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Local pitch control based on seamless time scale modification and synchronized sampling rate conversion

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US8050934B2
US8050934B2 US11947244 US94724407A US8050934B2 US 8050934 B2 US8050934 B2 US 8050934B2 US 11947244 US11947244 US 11947244 US 94724407 A US94724407 A US 94724407A US 8050934 B2 US8050934 B2 US 8050934B2
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time
scale
factor
modification
sampling
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US20090144064A1 (en )
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Atsuhiro Sakurai
Yoshihide Iwata
Steven D. Trautmann
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Texas Instruments Inc
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Texas Instruments Inc
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    • GPHYSICS
    • G10MUSICAL INSTRUMENTS; ACOUSTICS
    • G10LSPEECH ANALYSIS OR SYNTHESIS; SPEECH RECOGNITION; SPEECH OR VOICE PROCESSING; SPEECH OR AUDIO CODING OR DECODING
    • G10L21/00Processing of the speech or voice signal to produce another audible or non-audible signal, e.g. visual or tactile, in order to modify its quality or its intelligibility
    • G10L21/04Time compression or expansion

Abstract

This invention locally controls the pitch of speech and audio signals. The invention is based on a seamless time scale modification (S-TSM) scheme connected to a synchronized sampling rate converter that switches between different time scale factors in a seamless manner and controls pitch during playback in a nearly continuous way.

Description

TECHNICAL FIELD OF THE INVENTION

The technical field of this invention is recording and transmitting digital audio data.

BACKGROUND OF THE INVENTION

The prior art includes a variety of techniques and algorithms for improving the quality of digitally recorded and transmitted audio data. These techniques include altering audio pitch.

One prior art technique achieves pitch shifting by seamless time-scale modification (TSM) and restoration of the original time scale through sampling rate conversion. Pitch shifters embedded in karaoke systems use this principle permitting adjustment of the key of a song accompaniment to the singer's voice. Previous approaches to pitch conversion generally employ either: constant pitch shift of the entire signal as seen in common key-shifting algorithms; or complex algorithms that rely on manually labeled databases, speech production models and/or frequency domain processing.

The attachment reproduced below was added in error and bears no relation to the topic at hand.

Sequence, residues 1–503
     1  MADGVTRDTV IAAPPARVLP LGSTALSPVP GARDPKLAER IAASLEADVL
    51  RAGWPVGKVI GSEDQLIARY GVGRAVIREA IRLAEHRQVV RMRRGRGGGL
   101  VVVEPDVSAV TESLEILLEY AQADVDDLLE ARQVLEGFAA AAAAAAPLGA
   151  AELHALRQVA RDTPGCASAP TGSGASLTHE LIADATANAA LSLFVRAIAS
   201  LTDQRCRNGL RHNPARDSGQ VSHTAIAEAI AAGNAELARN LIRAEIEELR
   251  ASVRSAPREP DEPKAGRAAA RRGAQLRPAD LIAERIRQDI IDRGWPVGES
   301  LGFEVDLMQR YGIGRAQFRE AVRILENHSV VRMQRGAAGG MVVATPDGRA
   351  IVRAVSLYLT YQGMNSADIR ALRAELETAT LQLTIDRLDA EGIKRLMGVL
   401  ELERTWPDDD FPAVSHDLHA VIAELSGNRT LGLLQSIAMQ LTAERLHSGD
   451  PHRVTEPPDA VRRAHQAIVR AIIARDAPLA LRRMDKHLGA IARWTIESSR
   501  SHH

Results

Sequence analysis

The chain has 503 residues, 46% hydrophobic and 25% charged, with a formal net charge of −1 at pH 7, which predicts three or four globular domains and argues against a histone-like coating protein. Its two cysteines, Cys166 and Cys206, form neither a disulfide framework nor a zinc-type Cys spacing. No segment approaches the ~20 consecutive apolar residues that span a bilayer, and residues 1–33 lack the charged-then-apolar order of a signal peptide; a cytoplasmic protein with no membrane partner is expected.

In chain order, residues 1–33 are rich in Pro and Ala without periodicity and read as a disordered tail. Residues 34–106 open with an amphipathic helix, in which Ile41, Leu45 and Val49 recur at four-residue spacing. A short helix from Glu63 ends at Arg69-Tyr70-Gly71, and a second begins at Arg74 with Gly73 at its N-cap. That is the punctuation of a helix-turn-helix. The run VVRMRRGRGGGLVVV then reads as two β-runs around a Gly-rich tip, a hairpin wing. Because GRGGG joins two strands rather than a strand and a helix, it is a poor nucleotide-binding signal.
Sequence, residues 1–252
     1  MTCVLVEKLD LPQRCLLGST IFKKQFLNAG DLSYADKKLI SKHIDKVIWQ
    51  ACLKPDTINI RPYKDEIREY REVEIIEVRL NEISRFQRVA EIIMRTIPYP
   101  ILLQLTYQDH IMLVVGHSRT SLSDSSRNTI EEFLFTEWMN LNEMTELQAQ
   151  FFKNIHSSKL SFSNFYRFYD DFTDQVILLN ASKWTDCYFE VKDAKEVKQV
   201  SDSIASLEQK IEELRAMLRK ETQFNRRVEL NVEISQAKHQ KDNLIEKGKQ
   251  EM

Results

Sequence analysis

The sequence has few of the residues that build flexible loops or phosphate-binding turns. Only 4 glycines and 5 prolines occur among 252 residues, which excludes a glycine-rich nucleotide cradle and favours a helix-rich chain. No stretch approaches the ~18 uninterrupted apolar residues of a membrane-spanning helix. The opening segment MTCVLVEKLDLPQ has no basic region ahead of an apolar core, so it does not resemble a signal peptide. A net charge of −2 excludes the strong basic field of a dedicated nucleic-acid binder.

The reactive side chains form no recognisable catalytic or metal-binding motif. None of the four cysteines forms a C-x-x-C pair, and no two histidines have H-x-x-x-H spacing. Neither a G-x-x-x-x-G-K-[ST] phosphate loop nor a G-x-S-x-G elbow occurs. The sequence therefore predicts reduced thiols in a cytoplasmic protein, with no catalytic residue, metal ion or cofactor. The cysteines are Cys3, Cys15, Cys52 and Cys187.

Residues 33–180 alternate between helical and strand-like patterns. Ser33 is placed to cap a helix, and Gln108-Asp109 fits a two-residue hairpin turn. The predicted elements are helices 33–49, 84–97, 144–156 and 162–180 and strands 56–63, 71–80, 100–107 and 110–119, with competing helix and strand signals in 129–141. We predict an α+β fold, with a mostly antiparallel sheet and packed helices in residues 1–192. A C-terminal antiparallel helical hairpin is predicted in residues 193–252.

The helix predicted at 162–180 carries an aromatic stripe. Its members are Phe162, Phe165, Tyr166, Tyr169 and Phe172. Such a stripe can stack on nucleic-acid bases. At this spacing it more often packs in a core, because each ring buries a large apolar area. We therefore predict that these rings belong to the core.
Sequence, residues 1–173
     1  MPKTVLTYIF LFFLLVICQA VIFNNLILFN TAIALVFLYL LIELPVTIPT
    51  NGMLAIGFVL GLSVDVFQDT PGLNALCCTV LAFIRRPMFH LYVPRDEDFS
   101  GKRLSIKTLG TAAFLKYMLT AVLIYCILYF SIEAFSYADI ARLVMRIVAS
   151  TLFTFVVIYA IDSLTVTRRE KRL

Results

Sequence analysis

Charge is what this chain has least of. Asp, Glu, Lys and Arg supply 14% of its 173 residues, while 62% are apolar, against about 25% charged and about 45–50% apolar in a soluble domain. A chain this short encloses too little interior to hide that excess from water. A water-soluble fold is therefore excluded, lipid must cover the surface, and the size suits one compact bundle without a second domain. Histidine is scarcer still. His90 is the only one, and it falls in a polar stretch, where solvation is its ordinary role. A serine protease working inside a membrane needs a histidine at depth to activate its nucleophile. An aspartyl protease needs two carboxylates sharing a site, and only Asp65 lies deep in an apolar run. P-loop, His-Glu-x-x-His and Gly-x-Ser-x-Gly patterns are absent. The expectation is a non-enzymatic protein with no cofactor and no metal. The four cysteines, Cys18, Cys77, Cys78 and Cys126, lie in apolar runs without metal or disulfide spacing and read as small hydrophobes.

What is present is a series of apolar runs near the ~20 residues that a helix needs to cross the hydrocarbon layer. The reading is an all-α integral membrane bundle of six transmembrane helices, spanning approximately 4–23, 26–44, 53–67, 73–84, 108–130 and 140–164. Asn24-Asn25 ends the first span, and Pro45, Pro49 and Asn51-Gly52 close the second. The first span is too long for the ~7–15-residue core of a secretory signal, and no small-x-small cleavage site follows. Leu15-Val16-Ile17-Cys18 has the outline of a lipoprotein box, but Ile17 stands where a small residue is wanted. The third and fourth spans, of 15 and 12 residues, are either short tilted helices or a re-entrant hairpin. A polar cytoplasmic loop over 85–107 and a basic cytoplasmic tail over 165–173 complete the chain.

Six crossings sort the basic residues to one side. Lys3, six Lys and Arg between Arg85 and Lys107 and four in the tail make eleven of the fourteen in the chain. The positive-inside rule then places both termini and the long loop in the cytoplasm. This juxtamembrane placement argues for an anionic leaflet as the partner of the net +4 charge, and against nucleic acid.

SUMMARY OF THE INVENTION

The present invention locally controls the pitch of speech and audio signals. The invention uses seamless time scale modification (S-TSM) and a synchronized sampling rate converter that seamlessly switches between different time scale factors. Since the time scale can be adjusted in small steps and transitions between time scales occur seamlessly, this invention provides nearly continuous playback pitch control. The invention is useful in key shifting function in recording studios or karaoke equipment and it can control intonation or fundamental frequency in speech and music synthesis without requiring a speech production model or manual pitch marking.

BRIEF DESCRIPTION OF THE DRAWINGS

These and other aspects of this invention are illustrated in the drawings, in which:

FIG. 1 illustrates the seamless time scale modification (S-TSM) of this invention continuously receiving input frames containing Sa samples and generating output frames containing Ss samples without changing the original pitch;

FIG. 2 illustrates an overview of S-TSM processing;

FIG. 3 illustrates the addition of overlapped frames with fade-in/fade-out windows;

FIG. 4 illustrates the fine-tuning of the separation Ss between output frames;

FIG. 5 illustrates the principle of determining optimal offset k;

FIG. 6 illustrates a system based on Pythagorean tuning using small integer ratios; and

FIG. 7 illustrates a block diagram of the present invention.

DETAILED DESCRIPTION OF PREFERRED EMBODIMENTS

There are two common approaches to changing the fundamental frequency contour in speech synthesis systems. The first approach uses a speech production model. Voiced speech is approximated as the output of a vocal tract filter fed by an impulse train or another excitation signal source. Controlling the fundamental frequency is relatively straightforward, since it is dictated by the fundamental frequency of the source. However, such systems only work satisfactorily for signals containing pure speech that can be approximated by the model. The second approach is known as PSOLA (pitch-synchronous overlap-add). This approach first marks a speech database containing natural speech utterances. These marks indicate positions in the speech waveform corresponding to fundamental periods. Speech is synthesized by concatenating segments of speech extracted from the database. In order to change the fundamental frequency, distances between marks are changed and the waveform between the marks is warped accordingly. This method usually results in high quality, but pitch marking is a laborious process that cannot be executed automatically.